US4550870A (en) * 1983-10-13 1985-11-05 Alchemia Ltd. Partnership Stapling device
US4878954A (en) * 1987-06-24 1989-11-07 Compagnie Europeenne Du Zirconium Cezus Process for improving the ductility of a product of alloy involving martensitic transformation and use thereof
US4908069A (en) * 1987-10-19 1990-03-13 Sps Technologies, Inc. Alloys containing gamma prime phase and process for forming same
US5114504A (en) * 1990-11-05 1992-05-19 Johnson Service Company High transformation temperature shape memory alloy
US5169463A (en) * 1987-10-19 1992-12-08 Sps Technologies, Inc. Alloys containing gamma prime phase and particles and process for forming same
US5687995A (en) * 1993-06-30 1997-11-18 Hitachi, Ltd. Shape memory alloy pipe coupling and underwater pipes
US5827322A (en) * 1994-11-16 1998-10-27 Advanced Cardiovascular Systems, Inc. Shape memory locking mechanism for intravascular stents
US6106642A (en) * 1998-02-19 2000-08-22 Boston Scientific Limited Process for the improved ductility of nitinol
US6149742A (en) * 1998-05-26 2000-11-21 Lockheed Martin Corporation Process for conditioning shape memory alloys
US6165292A (en) * 1990-12-18 2000-12-26 Advanced Cardiovascular Systems, Inc. Superelastic guiding member
US6217567B1 (en) 1997-03-06 2001-04-17 Percusurge, Inc. Hollow medical wires and methods of constructing same
US6240727B1 (en) 2000-04-27 2001-06-05 The United States Of America As Represented By The Secretary Of The Navy Manufacture of Nitinol rings for thermally responsive control of casing latch
US6428634B1 (en) 1994-03-31 2002-08-06 Ormco Corporation Ni-Ti-Nb alloy processing method and articles formed from the alloy
US6508754B1 (en) 1997-09-23 2003-01-21 Interventional Therapies Source wire for radiation treatment
US6514835B1 (en) * 1998-03-03 2003-02-04 Advanced Technology Materials, Inc. Stress control of thin films by mechanical deformation of wafer substrate
US6548013B2 (en) 2001-01-24 2003-04-15 Scimed Life Systems, Inc. Processing of particulate Ni-Ti alloy to achieve desired shape and properties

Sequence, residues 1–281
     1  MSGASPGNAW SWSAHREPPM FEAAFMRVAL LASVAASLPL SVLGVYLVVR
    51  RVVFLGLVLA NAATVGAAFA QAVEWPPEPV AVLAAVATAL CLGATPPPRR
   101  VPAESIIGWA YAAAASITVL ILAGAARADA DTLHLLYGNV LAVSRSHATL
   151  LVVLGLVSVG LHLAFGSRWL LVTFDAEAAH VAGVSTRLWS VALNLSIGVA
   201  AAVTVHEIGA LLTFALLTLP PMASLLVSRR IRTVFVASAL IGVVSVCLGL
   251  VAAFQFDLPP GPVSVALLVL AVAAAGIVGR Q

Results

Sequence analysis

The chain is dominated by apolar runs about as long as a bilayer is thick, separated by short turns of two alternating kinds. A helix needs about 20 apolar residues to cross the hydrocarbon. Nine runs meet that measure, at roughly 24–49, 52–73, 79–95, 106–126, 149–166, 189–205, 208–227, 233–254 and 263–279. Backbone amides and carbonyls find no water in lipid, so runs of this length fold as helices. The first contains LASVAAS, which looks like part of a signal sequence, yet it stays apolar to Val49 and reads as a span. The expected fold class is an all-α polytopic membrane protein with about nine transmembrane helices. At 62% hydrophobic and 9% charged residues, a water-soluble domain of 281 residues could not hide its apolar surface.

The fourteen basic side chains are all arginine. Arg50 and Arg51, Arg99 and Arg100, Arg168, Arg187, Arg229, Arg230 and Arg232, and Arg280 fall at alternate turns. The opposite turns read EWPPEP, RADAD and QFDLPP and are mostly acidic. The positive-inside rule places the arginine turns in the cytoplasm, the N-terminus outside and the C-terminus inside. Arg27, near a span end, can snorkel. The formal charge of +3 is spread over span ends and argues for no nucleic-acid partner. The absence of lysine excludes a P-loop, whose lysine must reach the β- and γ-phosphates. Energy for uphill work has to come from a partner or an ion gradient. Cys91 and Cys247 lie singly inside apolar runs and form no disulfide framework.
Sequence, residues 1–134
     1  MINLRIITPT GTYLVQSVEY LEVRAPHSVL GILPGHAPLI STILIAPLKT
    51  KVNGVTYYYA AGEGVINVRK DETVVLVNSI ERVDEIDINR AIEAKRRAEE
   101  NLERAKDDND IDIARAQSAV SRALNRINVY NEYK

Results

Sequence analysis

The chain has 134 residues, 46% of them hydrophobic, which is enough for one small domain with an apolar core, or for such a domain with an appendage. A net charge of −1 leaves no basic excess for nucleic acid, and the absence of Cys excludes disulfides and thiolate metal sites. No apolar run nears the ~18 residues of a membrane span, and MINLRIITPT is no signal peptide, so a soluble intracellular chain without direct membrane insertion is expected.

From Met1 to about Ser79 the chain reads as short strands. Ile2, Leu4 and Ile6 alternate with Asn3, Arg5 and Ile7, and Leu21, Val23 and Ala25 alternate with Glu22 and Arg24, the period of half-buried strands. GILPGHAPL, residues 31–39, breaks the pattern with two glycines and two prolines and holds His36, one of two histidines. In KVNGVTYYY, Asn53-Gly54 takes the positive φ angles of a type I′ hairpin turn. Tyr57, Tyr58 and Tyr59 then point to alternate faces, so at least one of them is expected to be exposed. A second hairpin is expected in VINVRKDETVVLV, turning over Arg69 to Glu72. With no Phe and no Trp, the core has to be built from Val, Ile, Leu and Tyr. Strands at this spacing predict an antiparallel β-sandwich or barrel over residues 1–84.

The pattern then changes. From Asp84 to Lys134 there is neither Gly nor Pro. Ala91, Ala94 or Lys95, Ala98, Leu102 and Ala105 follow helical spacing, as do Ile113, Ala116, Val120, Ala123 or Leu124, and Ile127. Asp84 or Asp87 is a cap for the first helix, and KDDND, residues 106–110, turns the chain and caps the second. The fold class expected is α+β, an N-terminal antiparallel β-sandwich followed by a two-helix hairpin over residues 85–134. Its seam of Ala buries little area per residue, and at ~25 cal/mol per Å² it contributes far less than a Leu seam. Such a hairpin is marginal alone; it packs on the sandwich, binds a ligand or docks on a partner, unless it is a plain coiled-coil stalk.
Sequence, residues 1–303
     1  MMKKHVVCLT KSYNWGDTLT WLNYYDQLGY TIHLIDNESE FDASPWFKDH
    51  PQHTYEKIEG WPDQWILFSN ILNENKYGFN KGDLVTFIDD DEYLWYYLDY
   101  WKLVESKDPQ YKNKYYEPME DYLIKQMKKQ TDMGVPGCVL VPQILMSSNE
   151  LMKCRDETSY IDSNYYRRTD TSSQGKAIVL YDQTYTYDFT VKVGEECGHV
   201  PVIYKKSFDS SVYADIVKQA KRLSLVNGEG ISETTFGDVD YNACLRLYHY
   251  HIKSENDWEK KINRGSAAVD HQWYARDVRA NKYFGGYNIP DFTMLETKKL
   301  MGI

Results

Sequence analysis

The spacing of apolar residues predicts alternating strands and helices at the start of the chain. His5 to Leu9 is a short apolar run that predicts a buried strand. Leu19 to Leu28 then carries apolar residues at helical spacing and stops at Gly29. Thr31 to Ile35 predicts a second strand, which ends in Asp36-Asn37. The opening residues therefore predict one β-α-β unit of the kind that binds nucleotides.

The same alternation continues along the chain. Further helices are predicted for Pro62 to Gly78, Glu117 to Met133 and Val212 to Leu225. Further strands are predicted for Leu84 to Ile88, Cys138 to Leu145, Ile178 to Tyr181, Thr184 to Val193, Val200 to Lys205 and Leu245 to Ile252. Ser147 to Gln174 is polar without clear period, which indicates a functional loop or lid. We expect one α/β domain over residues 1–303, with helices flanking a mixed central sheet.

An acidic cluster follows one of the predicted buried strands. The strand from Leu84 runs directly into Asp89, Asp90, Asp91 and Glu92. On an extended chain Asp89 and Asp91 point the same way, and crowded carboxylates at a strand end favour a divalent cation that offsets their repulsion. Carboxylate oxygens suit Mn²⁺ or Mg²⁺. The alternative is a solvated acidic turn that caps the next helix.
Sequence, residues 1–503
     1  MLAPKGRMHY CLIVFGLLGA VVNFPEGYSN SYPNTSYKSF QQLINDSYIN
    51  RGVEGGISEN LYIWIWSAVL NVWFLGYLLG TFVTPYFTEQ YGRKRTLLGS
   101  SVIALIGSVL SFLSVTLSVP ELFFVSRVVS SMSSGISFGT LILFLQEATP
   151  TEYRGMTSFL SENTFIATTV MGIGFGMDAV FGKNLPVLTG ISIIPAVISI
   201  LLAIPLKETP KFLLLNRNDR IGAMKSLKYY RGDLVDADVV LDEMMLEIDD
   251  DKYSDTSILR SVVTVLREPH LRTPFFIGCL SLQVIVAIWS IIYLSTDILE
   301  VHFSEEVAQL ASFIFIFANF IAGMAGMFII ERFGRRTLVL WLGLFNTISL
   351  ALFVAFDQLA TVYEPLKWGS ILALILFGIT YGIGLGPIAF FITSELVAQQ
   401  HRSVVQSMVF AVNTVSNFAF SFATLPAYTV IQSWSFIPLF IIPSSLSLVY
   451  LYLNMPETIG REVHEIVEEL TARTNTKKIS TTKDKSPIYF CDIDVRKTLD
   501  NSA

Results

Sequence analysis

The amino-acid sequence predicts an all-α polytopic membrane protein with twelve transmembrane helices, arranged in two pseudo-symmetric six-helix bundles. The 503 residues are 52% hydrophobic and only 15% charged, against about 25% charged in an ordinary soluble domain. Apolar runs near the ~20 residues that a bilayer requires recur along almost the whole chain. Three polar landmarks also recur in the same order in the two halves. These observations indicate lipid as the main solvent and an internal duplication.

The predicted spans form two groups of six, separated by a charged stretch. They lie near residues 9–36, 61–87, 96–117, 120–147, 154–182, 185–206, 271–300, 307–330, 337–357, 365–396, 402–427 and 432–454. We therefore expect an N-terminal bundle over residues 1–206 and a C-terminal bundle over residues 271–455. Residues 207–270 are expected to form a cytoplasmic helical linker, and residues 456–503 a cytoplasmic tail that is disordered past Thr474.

US6596102B2 (en) * 2000-07-06 2003-07-22 Toki Corporation Kabushiki Kaisha Shape memory alloy and method of treating the same
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US9273369B1 (en) 2010-09-02 2016-03-01 The United States Of America As Represented By The Administrator Of National Aeronautics And Space Administration Thermomechanical methodology for stabilizing shape memory alloy (SMA) response

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Cited By (37)

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US4386971A (en) * 1981-03-13 1983-06-07 Bbc Brown, Boveri & Company, Limited Process for manufacturing a finished component from an Ni/Ti or Ni/Ti/Cu memory alloy
US4537406A (en) * 1983-04-27 1985-08-27 L'garde, Inc. Hostile environment joint seal and method for installation
US4550870A (en) * 1983-10-13 1985-11-05 Alchemia Ltd. Partnership Stapling device
US4878954A (en) * 1987-06-24 1989-11-07 Compagnie Europeenne Du Zirconium Cezus Process for improving the ductility of a product of alloy involving martensitic transformation and use thereof
US4908069A (en) * 1987-10-19 1990-03-13 Sps Technologies, Inc. Alloys containing gamma prime phase and process for forming same
US5169463A (en) * 1987-10-19 1992-12-08 Sps Technologies, Inc. Alloys containing gamma prime phase and particles and process for forming same
US5114504A (en) * 1990-11-05 1992-05-19 Johnson Service Company High transformation temperature shape memory alloy
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US7258753B2 (en) 1990-12-18 2007-08-21 Abbott Cardiovascular Systems Inc. Superelastic guiding member
US6165292A (en) * 1990-12-18 2000-12-26 Advanced Cardiovascular Systems, Inc. Superelastic guiding member
US6461453B1 (en) 1990-12-18 2002-10-08 Advanced Cardiovascular Systems, Inc. Superelastic guiding member
US6638372B1 (en) 1990-12-18 2003-10-28 Advanced Cardiovascular Systems, Inc. Superelastic guiding member
US6682608B2 (en) 1990-12-18 2004-01-27 Advanced Cardiovascular Systems, Inc. Superelastic guiding member
US5687995A (en) * 1993-06-30 1997-11-18 Hitachi, Ltd. Shape memory alloy pipe coupling and underwater pipes
US6428634B1 (en) 1994-03-31 2002-08-06 Ormco Corporation Ni-Ti-Nb alloy processing method and articles formed from the alloy
US5827322A (en) * 1994-11-16 1998-10-27 Advanced Cardiovascular Systems, Inc. Shape memory locking mechanism for intravascular stents
US6375628B1 (en) 1997-03-06 2002-04-23 Medtronic Percusurge, Inc. Hollow medical wires and methods of constructing same
US6217567B1 (en) 1997-03-06 2001-04-17 Percusurge, Inc. Hollow medical wires and methods of constructing same
US6508754B1 (en) 1997-09-23 2003-01-21 Interventional Therapies Source wire for radiation treatment
US6106642A (en) * 1998-02-19 2000-08-22 Boston Scientific Limited Process for the improved ductility of nitinol
US6540849B2 (en) 1998-02-19 2003-04-01 Scimed Life Systems, Inc. Process for the improved ductility of nitinol